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The 8 Greatest Victories (and 7 Greatest Defeats) Of The U.S. Military

The 8 Greatest Victories (and 7 Greatest Defeats) Of The U.S. Military

For the past half century, the United States military has been the worlds most dominant force. The full extent of U.S. military power was first perceived during WWII, and militarization efforts during the Cold War have only expanded its power and influence. The U.S. wasn’t always the dominant military power it is today, however, and even today it is unable to achieve all of its many goals. To provide an overall perspective on the history of the U.S. military, this list will name the 8 greatest victories (and 7 greatest defeats) of the U.S. military. To truly understand the genius of the U.S. military, one must also understand its many failures. No unit is infallible, and multiple operational failures have led to issues in overall conflicts like the Vietnam War and the conflict in Afghanistan. This list should serve as a comprehensive examination of the United States’ rich military history. All of these entries, of course, in no way reflect the brave men and women who were involved in them. If you can think of some great victories of the U.S. military, or some shocking defeats which didn’t make our list, feel free to mention them in the comments.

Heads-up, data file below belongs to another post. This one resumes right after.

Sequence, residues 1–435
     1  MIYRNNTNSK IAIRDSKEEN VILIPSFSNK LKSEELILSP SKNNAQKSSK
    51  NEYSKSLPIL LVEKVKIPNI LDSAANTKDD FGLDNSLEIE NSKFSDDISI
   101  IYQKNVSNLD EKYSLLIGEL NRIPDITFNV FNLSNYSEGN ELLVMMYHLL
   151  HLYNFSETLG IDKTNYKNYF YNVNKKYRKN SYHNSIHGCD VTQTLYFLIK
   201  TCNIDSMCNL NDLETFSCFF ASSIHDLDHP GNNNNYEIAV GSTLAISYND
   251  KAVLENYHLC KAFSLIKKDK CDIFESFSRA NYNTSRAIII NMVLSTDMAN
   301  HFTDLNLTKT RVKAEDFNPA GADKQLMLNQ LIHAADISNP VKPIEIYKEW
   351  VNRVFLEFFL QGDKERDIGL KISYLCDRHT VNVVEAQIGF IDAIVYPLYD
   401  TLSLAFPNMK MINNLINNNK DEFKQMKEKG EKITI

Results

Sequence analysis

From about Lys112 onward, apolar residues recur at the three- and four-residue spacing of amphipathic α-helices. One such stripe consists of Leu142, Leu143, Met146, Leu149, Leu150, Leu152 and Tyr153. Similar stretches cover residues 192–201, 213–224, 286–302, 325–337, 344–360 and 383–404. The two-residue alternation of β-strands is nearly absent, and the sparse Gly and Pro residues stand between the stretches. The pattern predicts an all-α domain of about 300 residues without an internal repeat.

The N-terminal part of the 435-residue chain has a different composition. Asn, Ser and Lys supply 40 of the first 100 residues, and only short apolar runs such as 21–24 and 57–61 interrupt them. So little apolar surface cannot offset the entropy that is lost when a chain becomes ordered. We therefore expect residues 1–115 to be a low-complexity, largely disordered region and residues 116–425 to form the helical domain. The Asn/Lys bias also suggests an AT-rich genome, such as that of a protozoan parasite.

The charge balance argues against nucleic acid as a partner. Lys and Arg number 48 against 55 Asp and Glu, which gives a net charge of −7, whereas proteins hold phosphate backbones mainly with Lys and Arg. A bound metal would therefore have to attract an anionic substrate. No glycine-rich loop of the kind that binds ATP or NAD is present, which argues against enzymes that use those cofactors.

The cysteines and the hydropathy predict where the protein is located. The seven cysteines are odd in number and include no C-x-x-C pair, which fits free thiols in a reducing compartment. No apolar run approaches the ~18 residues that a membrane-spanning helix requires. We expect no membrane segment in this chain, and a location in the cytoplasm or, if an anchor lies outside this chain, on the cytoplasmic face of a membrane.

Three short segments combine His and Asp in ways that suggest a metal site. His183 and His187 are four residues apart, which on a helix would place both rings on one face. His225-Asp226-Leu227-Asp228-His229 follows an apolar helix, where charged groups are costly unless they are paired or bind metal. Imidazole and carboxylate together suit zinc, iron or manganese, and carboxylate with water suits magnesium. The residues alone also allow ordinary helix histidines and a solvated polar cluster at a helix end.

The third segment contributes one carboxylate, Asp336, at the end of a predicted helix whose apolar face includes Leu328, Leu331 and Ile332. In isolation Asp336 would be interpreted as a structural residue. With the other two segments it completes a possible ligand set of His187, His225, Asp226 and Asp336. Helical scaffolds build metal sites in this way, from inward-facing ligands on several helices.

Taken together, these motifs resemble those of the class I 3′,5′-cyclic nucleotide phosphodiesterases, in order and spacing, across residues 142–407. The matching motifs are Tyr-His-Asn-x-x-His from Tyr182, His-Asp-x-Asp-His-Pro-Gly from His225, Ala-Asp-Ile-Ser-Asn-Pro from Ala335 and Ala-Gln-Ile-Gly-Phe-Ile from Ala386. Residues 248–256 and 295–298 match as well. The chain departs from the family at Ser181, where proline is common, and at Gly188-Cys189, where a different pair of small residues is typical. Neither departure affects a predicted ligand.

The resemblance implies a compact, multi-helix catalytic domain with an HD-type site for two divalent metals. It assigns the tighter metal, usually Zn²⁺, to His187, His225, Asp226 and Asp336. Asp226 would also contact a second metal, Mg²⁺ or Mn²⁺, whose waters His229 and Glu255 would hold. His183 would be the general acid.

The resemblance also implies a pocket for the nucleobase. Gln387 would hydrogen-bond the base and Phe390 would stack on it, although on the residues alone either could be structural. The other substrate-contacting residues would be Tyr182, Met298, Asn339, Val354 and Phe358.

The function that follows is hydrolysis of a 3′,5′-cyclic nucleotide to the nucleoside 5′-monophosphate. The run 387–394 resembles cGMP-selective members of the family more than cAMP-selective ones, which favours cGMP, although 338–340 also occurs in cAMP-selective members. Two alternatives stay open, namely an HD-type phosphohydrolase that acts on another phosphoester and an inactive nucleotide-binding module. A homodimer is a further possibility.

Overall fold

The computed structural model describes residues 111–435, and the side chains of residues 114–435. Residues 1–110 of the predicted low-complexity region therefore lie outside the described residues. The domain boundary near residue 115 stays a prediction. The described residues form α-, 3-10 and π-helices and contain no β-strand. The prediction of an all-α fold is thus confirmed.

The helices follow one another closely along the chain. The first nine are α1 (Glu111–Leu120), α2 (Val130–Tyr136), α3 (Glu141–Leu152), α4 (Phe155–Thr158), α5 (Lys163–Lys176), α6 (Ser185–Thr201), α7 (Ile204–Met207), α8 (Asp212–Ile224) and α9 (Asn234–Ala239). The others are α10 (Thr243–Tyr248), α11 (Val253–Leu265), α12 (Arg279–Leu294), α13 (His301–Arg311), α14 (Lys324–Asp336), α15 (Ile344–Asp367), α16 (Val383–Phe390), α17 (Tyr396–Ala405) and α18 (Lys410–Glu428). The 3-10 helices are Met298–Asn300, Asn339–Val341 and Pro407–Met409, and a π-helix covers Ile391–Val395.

15. Victory – Inchon


Before the Vietnam disaster, Korea was thought to be the biggest failure of the United States armed forces. One bright spot in this overall unsuccessful war was General Douglas McArthur’s brilliant strategical victory at Ichon. At Inchon, McArthur pulled off one of the largest and most intricate amphibious landings in modern military history. This allowed U.S. forces to send the Korean troops fleeing, firmly establishing themselves at the 38 parallel. This amazing victory, however, came with some diplomatic shortcomings. The success of the Ichon operation helped McArthur to convince American policymakers to support a non-communist regime in Korea. This was, of course, a huge failure; leaving a bitter taste in many American mouths after the sweet victory of Ichon.

14. Defeat – Taking of New York


When students are taught about the American Revolution in elementary and middle school, it is not uncommon for the story to abruptly jump from the Declaration of Independence to George Washington and his troop’s harrowing winter at Valley Forge. In the interim, however, Washington got to spend almost three years getting his butt kicked by the British army. One such battle which had some significance for the war was Washington’s loss of New York City to General William Howe and his British regulars. Early on, the Brits realized the strategic advantages of New York City, so in 1776 they made it their first main objective of the war. The British troops were better trained and equipped, allowing them to quickly overcome Washington’s mostly novice troops. Such a significant loss so early in the war put Washington on the defensive and characterized the Colonial Army for most of the remainder of the conflict.